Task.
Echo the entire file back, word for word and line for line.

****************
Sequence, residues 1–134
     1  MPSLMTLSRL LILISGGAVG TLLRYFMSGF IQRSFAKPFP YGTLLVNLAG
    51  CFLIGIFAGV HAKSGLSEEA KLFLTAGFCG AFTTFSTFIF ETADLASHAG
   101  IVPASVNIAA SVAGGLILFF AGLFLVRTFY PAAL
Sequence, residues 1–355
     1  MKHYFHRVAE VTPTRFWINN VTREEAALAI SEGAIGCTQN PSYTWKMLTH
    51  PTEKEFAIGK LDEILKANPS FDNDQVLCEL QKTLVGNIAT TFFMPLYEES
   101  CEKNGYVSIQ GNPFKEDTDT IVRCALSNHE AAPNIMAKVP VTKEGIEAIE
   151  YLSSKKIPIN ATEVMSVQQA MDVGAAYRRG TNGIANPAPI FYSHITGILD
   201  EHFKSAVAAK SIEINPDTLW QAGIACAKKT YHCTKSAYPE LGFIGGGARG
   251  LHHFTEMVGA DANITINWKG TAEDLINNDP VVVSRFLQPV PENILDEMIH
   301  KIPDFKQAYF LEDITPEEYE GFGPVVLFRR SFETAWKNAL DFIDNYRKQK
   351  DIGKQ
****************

Sequence, residues 1–134
     1  MPSLMTLSRL LILISGGAVG TLLRYFMSGF IQRSFAKPFP YGTLLVNLAG
    51  CFLIGIFAGV HAKSGLSEEA KLFLTAGFCG AFTTFSTFIF ETADLASHAG
   101  IVPASVNIAA SVAGGLILFF AGLFLVRTFY PAAL
Sequence, residues 1–355
     1  MKHYFHRVAE VTPTRFWINN VTREEAALAI SEGAIGCTQN PSYTWKMLTH
    51  PTEKEFAIGK LDEILKANPS FDNDQVLCEL QKTLVGNIAT TFFMPLYEES
   101  CEKNGYVSIQ GNPFKEDTDT IVRCALSNHE AAPNIMAKVP VTKEGIEAIE
   151  YLSSKKIPIN ATEVMSVQQA MDVGAAYRRG TNGIANPAPI FYSHITGILD
   201  EHFKSAVAAK SIEINPDTLW QAGIACAKKT YHCTKSAYPE LGFIGGGARG
   251  LHHFTEMVGA DANITINWKG TAEDLINNDP VVVSRFLQPV PENILDEMIH
   301  KIPDFKQAYF LEDITPEEYE GFGPVVLFRR SFETAWKNAL DFIDNYRKQK
   351  DIGKQ